For the next nine days I am stepping out of my accustomed role as a father of three and assuming a temporary assignment as a single parent to my two sons. Heather and Kara will be literally half a world away in Perth, attending a family funeral and introducing the youngest member of our brood to her gran and granddad’s family. In the meantime, I’ll be holding down the fort and taking over as the shuttle bus service for Isaac and Toby.
Having taken the day off, this morning was spent ferrying Heather and Kara to the building site that is Terminal 3 at Heathrow. They checked in, Kara (who seemed the least traumatised of the three of us) had fun toddling around enjoying her last taste of freedom before being cooped up on a plane for the next several hours, we had an early lunch together and finally I waved them off through security.
And then I realised I was on my own. Since Kara was born you can count the number of nights I’ve been away from her in single digits, and never more than four nights in a row. The last time I was away from Heather for more than a week was nearly 16 years ago, immediately after our honeymoon. (A long and not very interesting story.) It was a lonely drive back home, and the weirdest feeling to step back inside an empty house. Miss you already, girls.
No going back now. Time to suck it up and get on with the job at hand.
Am I scared? Not really, although I will admit to a degree of trepidation at the thought of flying solo on the boys’ morning routine. Getting breakfast, getting dressed, getting to where they need to go when I need to get them there – which means dropping Isaac off in good time so that I can get to pre-school the moment it opens and propel Toby in the vague direction of the entrance. (I considered installing an ejector seat, but decided that might be taking things a little too far.)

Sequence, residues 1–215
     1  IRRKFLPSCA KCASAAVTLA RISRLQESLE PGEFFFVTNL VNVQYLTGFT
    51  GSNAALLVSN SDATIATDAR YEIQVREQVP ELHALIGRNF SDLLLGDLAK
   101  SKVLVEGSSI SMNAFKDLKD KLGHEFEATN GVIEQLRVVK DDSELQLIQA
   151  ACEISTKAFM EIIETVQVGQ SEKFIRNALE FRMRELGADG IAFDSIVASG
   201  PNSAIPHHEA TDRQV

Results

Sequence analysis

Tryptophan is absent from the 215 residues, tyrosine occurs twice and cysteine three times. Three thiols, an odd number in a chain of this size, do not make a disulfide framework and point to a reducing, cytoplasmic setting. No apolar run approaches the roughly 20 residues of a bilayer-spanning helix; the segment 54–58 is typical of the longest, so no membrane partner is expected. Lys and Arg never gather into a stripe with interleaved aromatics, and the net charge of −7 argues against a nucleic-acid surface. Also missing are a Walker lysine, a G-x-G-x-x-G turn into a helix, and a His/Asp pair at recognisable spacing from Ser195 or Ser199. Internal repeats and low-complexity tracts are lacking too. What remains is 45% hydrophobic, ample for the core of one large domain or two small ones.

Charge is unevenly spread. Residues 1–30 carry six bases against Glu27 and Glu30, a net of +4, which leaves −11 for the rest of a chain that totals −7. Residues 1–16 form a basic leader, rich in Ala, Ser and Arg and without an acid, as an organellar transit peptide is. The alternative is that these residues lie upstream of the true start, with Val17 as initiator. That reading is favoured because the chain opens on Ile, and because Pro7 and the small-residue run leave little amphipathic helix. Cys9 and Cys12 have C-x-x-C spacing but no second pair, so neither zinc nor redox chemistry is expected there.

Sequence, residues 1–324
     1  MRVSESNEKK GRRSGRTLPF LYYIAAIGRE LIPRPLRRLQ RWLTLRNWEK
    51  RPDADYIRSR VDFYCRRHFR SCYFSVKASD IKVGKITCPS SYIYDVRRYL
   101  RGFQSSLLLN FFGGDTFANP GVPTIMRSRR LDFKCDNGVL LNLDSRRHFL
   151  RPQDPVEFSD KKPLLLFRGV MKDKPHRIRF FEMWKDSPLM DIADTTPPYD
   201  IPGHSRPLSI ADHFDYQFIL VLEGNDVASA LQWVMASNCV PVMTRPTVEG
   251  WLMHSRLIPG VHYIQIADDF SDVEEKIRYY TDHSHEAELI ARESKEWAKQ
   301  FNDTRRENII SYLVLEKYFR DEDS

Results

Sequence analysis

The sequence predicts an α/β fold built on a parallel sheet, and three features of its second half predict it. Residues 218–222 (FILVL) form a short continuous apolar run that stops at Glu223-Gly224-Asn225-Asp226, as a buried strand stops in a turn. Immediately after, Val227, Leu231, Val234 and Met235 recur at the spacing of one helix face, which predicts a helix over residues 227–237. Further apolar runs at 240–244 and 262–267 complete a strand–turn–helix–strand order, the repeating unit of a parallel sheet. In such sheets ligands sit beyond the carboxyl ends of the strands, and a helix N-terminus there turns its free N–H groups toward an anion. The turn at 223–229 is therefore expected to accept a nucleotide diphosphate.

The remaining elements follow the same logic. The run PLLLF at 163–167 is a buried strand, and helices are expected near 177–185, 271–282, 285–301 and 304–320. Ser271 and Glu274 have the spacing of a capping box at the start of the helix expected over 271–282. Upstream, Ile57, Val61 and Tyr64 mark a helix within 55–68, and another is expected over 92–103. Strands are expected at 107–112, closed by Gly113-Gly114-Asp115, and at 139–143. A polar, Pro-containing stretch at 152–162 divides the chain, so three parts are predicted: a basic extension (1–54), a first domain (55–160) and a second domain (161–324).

Then, at the other end of the day, I’ll have to leave the office early to pick them up, sort out dinner – wishing I’d tidied up the breakfast stuff before I’d left in the morning – then wind-down time, bath, stories and bed. After that it’s down to me to whizz around the house tidying up, doing laundry and generally preparing for mayhem to recommence the next morning.
I do varying parts of this daily routine normally, so it’s not like any of this is new to me. But equally this is the first time I’ve had to cope on my own for more than a day or an overnighter at a time. It’s a bit like passing your driving test, taking off the L-plates for the first time and heading straight out on to a busy motorway. With two sadistic back-seat passengers who gleefully point out everything you do wrong. While demanding that you put on their favourite playlist, feed them sweets and prevent the outbreak of World War III at the same time. I know what I need to do – and I know I’m capable of doing it – but it feels weird doing it without my safety net by my side, ready to catch me when I fall.
I don’t know how single parents do it day after day. Heroes the lot of them, I say.
To be honest, I know everything will be okay. Isaac is a reliable and mature older brother, and while Toby is going through another mummy’s boy phase and can be so obstinate that he makes a bad-tempered mule look compliant, I understand him well enough to deal with the inevitable tantrums.
We’ll be fine. (Repeat over and over again until I actually believe it.)
Single parents or people with travelling spouses have to deal with this stuff all the time – there’s nothing new, unique or particularly noteworthy about my temporary situation – other than the fact it’s happening to me. In fact, while a part of me is a little nervous about the inevitable stumbling blocks I will encounter over the next week or so, a bigger part is looking forward to the opportunity to have some extended boy-time. One way or another, I’m sure I’ll come out of it a better (if slightly frazzled) parent, and hopefully with some new bonds formed with both my boys.
Just remind me of that in nine days’ time, okay?